Indeed, often the “broader” agenda items reinforce their social conservatism. Evangelicals working with the poor see the devastation of family breakdown, substance abuse, predatory gambling, and so on. Not that this changes the way they’re spoken of in public. When Evangelicals adopt, the secularist Left accuses them of “stealing” children for “Evangelism,” though if they didn’t the left would accuse them of caring about “fetuses” without providing them homes.
These Evangelicals actually go to church and so represent the future. The problem is that “young Evangelical” is a confusing term, especially for a media culture that often defines the concept in terms of marketing rather than theology or ecclesiology. It would be a mistake to lump the convictional Evangelicals of whom I speak in with the professional dissidents who make a living marketing mainline Protestant shibboleths to Evangelical college audiences by questioning everything from biblical inerrancy to a Christian sexual ethic. As one wag once said of Al Gore, that he is “an old man’s idea of a young man,” these Evangelicals are usually an Episcopalian’s idea of an Evangelical, just as the “nuns on the bus” are secularizing America’s idea of a Catholic.
But these sorts aren’t, demographically speaking, where the future is, among those who are actually filling and building churches. The “red-letter Christian” who speaks as though the Sermon on the Mount is a pretty good Galilean first draft of the 2024 Democratic party platform isn’t likely to be launching an Evangelical church-planting movement. Or an Evangelical adoption agency, soup kitchen, or halfway house for people just out of jail. The pop-left of Evangelicalism usually has quite little to do with Evangelical churches and is usually ephemeral even by the standards of Evangelical faddishness. Rob Bell once pastored a megachurch; now, last I heard, he was talking about starring in his own reality show.
And that closes off the first third.
There's lots to interact with in the piece. I particularly appreciated Moore's insistence that the "centrality of the Gospel demands a certain form of public engagement." And his critique that the last generation of political activism was sometimes motivated by "a political agenda in search of a gospel useful enough to accommodate it" seems apt as well. Moore is trying to carve out the same sort of delicate relationship with the conservative political world that we have cultivated the past decade here at Mere-O: appreciative of the efforts, agreeing on many matters of substance, concerned about the rhetoric, and willing to critique when necessary.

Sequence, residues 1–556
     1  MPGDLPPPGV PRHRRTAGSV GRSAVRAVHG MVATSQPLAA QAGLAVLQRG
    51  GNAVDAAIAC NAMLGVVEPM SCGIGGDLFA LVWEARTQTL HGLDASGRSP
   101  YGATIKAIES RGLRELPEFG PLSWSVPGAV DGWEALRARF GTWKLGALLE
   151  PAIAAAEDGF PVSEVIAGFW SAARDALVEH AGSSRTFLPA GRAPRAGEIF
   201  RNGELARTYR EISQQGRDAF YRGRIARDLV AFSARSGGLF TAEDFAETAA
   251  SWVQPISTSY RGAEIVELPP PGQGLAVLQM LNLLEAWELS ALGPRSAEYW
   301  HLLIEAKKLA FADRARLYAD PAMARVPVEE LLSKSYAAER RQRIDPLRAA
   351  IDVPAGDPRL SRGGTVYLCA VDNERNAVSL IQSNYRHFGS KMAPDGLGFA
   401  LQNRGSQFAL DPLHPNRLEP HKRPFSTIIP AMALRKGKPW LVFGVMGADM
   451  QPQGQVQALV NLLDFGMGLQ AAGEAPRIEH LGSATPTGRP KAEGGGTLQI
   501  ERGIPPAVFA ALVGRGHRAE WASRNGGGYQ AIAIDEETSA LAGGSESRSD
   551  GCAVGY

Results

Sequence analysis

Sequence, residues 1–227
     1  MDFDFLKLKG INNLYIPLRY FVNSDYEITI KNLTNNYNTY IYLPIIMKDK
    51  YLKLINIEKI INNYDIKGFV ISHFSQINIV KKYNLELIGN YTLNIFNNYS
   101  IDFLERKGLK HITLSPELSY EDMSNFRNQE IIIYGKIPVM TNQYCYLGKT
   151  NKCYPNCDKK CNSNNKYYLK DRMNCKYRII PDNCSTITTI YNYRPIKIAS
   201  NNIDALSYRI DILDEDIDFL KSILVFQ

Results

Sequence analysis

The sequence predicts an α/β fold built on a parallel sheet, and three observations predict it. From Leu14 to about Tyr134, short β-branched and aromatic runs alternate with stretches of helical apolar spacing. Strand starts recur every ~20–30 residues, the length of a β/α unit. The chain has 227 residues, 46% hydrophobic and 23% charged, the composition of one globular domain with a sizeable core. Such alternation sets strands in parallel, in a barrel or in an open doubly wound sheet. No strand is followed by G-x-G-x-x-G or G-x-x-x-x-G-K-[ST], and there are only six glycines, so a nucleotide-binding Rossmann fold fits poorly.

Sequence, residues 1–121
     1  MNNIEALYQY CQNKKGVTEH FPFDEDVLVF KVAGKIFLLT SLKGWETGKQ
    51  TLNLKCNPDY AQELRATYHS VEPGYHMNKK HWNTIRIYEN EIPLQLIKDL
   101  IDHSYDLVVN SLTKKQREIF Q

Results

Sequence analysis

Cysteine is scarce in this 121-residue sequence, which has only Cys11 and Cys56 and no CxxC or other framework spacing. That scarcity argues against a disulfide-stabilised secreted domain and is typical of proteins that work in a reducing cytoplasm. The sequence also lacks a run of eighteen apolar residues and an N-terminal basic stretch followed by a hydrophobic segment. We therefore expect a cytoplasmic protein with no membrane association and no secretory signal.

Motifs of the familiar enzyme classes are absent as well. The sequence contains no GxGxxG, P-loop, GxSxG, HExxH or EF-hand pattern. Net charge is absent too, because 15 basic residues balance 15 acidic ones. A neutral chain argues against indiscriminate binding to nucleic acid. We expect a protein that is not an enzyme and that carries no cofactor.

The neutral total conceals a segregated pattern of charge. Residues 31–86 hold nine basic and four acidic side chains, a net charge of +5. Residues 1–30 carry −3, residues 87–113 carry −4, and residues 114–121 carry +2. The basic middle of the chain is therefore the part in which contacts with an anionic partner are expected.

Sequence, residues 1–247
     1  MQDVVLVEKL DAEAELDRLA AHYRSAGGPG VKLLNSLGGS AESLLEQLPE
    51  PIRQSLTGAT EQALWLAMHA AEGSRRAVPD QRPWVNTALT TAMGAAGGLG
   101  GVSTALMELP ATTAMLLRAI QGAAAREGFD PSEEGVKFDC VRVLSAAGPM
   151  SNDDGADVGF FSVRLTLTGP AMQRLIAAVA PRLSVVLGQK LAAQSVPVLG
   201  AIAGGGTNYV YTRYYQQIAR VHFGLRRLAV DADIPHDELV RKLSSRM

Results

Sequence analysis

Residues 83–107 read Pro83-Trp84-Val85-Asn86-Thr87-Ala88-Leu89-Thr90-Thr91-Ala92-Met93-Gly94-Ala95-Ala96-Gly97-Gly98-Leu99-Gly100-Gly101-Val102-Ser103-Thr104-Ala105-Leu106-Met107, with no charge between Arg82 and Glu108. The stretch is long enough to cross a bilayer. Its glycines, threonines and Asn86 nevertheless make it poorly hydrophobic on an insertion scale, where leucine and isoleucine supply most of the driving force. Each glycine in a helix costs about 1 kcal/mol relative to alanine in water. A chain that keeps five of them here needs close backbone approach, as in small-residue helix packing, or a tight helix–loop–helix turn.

In the final third of the piece, he outlines his vision for a Christian engagement that is neither triumphalistic nor isolationist and here too I have hearty cheers. The word that I think fits is confidence, and I sometimes suspect that evangelicals have never had much of it in their political engagement, which is partly why our influence has been considerably less than our size.
Moore's imagery of the cultural peril that evangelicalism faces is rather dire. And perhaps that is warranted. But even if it's not appropriate to "shrug off" the hostility before us, we ought to at least have a good laugh about it. The very Gospel that Moore ably keeps at the center reveals hostility to it to be comically impotent, a laughable parody of genuine power. The prophetic tension and engagement that Moore unpacks must both be bounded by joy, which is perhaps the most important political affection we can have.
It's clear Moore is going to lead the way for evangelicals going forward, and I for one couldn't be happier about that. And I've no doubt that he is a genuinely cheerful fellow, in person and beyond. He seems to be, anyway. And I know I'm not saying anything he disagrees with; he has made similar points in other contexts, I think, which brings me great comfort indeed.
But that joy has to begin to pervade our rhetoric. Courage, fortitude, strength--yes. You can hear Moore's words evoking those responses from evangelicals. But that path before us good, and the hope before us is not simply that Rome will not waver but that in the very marginalization and suffering that Moore thinks is upon us we will be made complete and whole like our Savior. The prophetic announcement must have its great tidings of glad joy, for it is the joy of the people that will cast out our fear.
Matthew Lee Anderson is the Founder and Lead Writer of Mere Orthodoxy. He is the author of Earthen Vessels: Why Our Bodies Matter to our Faith and The End of Our Exploring: A Book about Questioning and the Confidence of Faith. Follow him on Twitter or on Facebook.